Speaking Jesus Talk

Hearing his voice speak Jesus’ words to the disciples
the combination of voice and word
reaching his ear as one,
puts him one step closer to the scene,
one step closer to the disciple’s question,
ons step closer to the truth,
one step closer to Jesus.

Looking at the blind man, the disciples had asked
“Who sinned, the blind man or his parents?”
Reading aloud Jesus’ answer,
using his own mouth
to shape the words, and his breath to give them sound,
brings him right inside,
Jesus’ answer becoming his.
“You’re asking the wrong question. You’re looking for
someone to blame, There is no cause-effect here.
Look instead for what God can do”.

In speaking Jesus’ answer, do you see what happens?
he has become part of a critical shift.
His own tongue, his own lips, his very breath , have
left the past behind,
“Look instead for what God can do”.

Reading Jesus’ words quietly to yourself is one thing.
Speaking them out for your own body
and the universe to hear,
is something else.

He’s right there, emotionally, taking ownership, when
he speaks out Jesus’ next words:
“We need to be energetically at work for the One who
sent me here, working while the sun shines.
When night falls, the workday is over…”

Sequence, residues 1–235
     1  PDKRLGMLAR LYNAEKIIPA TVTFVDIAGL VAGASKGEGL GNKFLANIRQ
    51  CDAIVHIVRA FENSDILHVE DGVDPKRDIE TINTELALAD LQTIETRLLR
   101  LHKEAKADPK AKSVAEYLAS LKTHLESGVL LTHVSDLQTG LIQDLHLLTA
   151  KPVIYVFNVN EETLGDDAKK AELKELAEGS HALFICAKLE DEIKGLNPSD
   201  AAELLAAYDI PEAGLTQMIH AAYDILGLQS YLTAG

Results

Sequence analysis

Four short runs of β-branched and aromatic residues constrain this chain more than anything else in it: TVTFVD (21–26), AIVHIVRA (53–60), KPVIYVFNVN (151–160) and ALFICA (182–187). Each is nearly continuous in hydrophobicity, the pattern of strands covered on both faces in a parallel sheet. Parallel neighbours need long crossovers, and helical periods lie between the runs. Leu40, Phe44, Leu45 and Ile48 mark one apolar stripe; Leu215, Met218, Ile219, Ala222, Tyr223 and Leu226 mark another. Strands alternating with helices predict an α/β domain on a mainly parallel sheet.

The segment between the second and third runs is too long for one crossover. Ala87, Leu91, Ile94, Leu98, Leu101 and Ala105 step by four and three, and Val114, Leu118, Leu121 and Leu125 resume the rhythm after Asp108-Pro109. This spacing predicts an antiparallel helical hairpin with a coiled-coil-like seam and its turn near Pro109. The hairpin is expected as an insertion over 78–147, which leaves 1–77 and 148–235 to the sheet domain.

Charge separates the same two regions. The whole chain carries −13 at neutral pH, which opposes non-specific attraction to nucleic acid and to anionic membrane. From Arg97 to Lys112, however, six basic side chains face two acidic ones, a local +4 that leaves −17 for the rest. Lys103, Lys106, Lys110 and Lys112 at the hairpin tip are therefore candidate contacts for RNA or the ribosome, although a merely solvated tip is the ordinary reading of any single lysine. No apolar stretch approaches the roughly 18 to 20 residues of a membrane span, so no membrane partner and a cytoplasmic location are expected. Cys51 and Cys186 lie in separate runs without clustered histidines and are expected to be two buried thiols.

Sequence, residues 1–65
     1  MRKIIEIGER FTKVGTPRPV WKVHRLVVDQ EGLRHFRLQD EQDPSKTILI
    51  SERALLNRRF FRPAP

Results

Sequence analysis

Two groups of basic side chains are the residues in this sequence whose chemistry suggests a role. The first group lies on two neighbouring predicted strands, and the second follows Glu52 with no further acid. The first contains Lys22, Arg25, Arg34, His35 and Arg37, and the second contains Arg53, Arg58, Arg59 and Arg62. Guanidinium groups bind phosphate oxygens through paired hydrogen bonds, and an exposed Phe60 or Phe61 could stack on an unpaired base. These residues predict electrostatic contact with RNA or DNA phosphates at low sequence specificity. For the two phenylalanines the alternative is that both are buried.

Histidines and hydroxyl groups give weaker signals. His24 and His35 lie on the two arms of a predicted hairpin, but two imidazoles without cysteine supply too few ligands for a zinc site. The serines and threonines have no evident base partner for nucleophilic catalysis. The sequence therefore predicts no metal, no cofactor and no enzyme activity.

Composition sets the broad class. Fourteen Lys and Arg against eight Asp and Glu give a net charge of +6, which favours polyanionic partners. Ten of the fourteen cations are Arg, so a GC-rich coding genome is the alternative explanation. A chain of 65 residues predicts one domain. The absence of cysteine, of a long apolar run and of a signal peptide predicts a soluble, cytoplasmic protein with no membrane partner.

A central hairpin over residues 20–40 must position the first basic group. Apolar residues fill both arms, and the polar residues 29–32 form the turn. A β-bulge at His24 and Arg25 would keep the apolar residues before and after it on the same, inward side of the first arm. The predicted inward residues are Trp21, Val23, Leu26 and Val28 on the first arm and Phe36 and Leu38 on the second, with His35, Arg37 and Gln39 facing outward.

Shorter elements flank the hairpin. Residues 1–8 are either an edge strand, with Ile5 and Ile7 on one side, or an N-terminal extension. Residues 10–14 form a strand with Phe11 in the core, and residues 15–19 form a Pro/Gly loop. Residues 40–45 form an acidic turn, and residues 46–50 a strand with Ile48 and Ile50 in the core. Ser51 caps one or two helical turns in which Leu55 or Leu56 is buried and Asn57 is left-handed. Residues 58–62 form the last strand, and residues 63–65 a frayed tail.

It’s only then, after talking with the disciples that
Jesus acts, spitting in the dus
making clay paste with the saliva and rubbing it
on the blind man’s eyes.

Jesus then instructs the blind man to
“Go wash in the Pool of Siloam”.
When he speaks those words out loud for others,
the congregation, to hear,
he’s aware that he’s involved in the healing, too.
feeling personal pleasure
when the blind man is cured, and for the first time,
could see.

Speaking Jesus talk gets us closer to where
we want to be.

Endnote: In a recent worship service at the LaConner Methodist Church, I read the part of Jesus in an adaptation by the Reader Theater. The paraphrasing of John 9:1-41 is from the Message Bible. This is an effort to describe my experience in playing Jesus, reading his words aloud to the congregation.

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